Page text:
GM Financial’s rollout of a prime leasing program in 16 states may seem to indicate that the company formerly known as AmeriCredit is leaving its roots behind. Company officials, however, maintain that the former subprime finance company is merely sticking with the game plan General Motors set forth when it purchased the company last October: fill the finance gaps.
Since successfully piloting a new GM prime lease program in Ohio last December, the company has expanded the lease offering into 15 additional states — with eight states added last week. The goal now is to expand the program nationwide by this summer.
“We have been, historically, a subprime retail installment lender,” said Caitlin DeYoung, spokesperson for GM Financial. “When we were acquired by GM, the purpose was to fill in the financing gaps. Our main focus was to get a leasing program out and prime leasing was the first priority.”
Aside from Ohio, the prime lease program is now available in Connecticut, Delaware, Indiana, Kentucky, Maine, Maryland, Massachusetts, New Hampshire, New Jersey, New York, Pennsylvania, Rhode Island, Vermont, Virginia and West Virginia.
Officials said the company also is eyeing a return to the Canadian market by the middle of the year or sooner, and has rehired Howard Cobham, its former Canadian auto finance executive, to lead that effort. His first order of business will be to roll out the prime leasing program in that market.
DeYoung said the company also is considering an expansion of its lease offerings to customers downstream on the credit spectrum. The company spokeswoman said that won’t happen until the prime program is rolled out nationally.
As for retail installment contracts, DeYoung said originations will outpace what AmeriCredit did last year, but would not offer a target increase. She added that although GM Financial is being positioned to help GM dealers, the former independent finance company will continue to serve non-GM dealers under the AmeriCredit banner.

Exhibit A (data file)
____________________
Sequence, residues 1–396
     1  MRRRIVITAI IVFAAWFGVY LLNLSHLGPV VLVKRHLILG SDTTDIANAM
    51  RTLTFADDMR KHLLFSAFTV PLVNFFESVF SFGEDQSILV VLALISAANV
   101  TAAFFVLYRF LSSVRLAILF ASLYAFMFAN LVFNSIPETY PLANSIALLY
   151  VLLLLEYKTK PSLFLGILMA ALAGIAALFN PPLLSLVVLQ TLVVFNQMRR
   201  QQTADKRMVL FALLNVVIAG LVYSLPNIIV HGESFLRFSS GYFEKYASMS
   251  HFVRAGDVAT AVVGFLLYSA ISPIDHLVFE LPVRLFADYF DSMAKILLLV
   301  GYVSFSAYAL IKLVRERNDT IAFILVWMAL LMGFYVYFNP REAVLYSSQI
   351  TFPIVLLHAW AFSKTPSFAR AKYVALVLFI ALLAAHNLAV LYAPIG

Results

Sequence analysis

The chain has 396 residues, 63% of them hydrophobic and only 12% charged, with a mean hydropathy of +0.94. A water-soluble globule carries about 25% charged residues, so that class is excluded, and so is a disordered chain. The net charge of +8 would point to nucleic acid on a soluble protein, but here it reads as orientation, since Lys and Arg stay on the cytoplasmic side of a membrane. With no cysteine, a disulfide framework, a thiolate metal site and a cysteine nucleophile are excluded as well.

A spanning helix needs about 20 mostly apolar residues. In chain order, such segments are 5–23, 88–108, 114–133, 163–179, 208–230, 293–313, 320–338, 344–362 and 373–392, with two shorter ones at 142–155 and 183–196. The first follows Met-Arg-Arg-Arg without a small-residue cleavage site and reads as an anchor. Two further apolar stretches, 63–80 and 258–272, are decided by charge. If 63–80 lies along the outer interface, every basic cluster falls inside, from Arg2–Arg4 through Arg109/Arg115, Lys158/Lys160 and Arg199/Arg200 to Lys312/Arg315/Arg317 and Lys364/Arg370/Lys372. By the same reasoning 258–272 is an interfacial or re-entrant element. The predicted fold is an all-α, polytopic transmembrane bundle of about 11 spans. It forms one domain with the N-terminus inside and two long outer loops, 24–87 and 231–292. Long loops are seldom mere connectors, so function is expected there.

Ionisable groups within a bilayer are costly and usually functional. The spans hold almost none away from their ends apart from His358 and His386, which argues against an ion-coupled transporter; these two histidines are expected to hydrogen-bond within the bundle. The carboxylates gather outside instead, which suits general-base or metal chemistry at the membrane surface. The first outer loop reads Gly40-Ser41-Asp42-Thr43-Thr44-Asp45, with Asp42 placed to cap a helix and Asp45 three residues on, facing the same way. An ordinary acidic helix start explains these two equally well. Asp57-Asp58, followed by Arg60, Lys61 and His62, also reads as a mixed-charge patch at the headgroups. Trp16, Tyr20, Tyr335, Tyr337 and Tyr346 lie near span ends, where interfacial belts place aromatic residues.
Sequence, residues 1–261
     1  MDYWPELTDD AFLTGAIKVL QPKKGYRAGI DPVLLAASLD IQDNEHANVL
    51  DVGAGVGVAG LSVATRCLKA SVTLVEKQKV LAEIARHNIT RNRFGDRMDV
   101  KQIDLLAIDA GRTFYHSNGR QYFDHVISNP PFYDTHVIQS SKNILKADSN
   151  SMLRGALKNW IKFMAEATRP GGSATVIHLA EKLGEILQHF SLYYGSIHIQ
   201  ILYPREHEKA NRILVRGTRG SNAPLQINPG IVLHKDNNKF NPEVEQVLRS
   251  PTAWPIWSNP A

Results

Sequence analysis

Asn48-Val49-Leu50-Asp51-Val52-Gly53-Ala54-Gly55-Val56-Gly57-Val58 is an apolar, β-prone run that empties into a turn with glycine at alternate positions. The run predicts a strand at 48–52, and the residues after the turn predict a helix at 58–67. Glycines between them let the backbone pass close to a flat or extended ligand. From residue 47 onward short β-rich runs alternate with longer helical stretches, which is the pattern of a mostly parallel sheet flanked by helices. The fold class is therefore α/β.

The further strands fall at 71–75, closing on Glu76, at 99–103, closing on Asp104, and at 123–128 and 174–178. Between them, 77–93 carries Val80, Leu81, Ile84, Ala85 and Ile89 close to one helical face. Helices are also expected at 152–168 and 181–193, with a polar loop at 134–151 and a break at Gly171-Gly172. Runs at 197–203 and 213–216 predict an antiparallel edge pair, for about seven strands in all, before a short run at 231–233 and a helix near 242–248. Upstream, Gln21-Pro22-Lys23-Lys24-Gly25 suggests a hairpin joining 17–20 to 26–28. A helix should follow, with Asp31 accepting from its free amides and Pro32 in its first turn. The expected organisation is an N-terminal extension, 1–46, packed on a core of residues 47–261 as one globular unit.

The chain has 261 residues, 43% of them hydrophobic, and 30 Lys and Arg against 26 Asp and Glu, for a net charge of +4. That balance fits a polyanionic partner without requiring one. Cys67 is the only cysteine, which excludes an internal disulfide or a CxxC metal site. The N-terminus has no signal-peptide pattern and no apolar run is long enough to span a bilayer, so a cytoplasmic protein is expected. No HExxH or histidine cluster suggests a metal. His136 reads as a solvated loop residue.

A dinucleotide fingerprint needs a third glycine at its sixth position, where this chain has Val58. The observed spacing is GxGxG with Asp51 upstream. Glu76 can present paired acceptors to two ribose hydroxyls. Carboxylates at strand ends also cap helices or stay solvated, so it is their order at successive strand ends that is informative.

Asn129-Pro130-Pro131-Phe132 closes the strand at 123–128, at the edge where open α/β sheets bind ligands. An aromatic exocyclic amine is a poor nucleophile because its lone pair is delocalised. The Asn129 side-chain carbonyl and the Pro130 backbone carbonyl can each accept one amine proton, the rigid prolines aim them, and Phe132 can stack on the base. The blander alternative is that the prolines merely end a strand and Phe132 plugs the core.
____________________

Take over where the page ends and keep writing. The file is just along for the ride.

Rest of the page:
“We are building out different products for GM dealers, but we have not stated what our target is on originations. It’ll definitely be an increase from the prior year,” DeYoung said. “Our current infrastructure is not built to take on 80 percent of GM’s business and we’re not looking to do that. What we are looking to do is provide a competitive financing option for GM dealers.”
The two top executives for GM Financial, Dan Berce, and Ally Financial Inc., Tim Russi, underscored this goal earlier this month in San Francisco at the American Financial Services Association’s 2011 Vehicle Finance Conference and Exposition, when they appeared together for the event’s annual CEO panel.
Russi talked about the benefits of Ally’s bank-holding status, saying that the company has been able to diversify its sources of funding. He also talked about the company’s recent successes in the securitization market, and acknowledged that the company must continue to mend dealer relationships that were strained during the downturn.
Berce described to the packed audience how AmeriCredit went from the brink of collapse in the spring of 2008 to survival in early 2009. And after describing the moment he learned GM was interested in purchasing the company, he fielded a question from the audience on whether his company and Ally Financial could coexist.
“GM bought us not to be the new GMAC; they bought us to plug the gaps,” Berce responded. “They bought us to bring back leasing.”